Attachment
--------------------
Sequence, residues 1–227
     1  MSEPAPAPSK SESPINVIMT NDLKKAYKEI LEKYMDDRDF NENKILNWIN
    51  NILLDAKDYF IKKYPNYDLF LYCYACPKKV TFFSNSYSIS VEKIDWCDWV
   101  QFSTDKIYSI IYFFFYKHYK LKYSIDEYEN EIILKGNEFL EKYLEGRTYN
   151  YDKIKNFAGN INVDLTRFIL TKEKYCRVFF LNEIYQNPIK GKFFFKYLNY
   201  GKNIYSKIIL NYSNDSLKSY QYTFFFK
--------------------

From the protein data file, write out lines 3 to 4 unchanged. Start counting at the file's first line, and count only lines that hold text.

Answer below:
    51  NILLDAKDYF IKKYPNYDLF LYCYACPKKV TFFSNSYSIS VEKIDWCDWV
   101  QFSTDKIYSI IYFFFYKHYK LKYSIDEYEN EIILKGNEFL EKYLEGRTYN